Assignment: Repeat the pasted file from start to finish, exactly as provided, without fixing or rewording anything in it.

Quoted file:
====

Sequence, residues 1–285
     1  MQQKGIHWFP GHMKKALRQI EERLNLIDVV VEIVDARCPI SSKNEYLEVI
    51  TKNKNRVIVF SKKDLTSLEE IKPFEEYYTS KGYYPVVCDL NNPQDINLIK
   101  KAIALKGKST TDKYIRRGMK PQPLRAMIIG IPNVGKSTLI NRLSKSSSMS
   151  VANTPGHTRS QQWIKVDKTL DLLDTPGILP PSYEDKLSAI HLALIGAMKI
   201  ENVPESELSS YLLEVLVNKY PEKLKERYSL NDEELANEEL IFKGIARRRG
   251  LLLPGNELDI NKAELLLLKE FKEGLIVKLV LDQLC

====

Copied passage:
Sequence, residues 1–285
     1  MQQKGIHWFP GHMKKALRQI EERLNLIDVV VEIVDARCPI SSKNEYLEVI
    51  TKNKNRVIVF SKKDLTSLEE IKPFEEYYTS KGYYPVVCDL NNPQDINLIK
   101  KAIALKGKST TDKYIRRGMK PQPLRAMIIG IPNVGKSTLI NRLSKSSSMS
   151  VANTPGHTRS QQWIKVDKTL DLLDTPGILP PSYEDKLSAI HLALIGAMKI
   201  ENVPESELSS YLLEVLVNKY PEKLKERYSL NDEELANEEL IFKGIARRRG
   251  LLLPGNELDI NKAELLLLKE FKEGLIVKLV LDQLC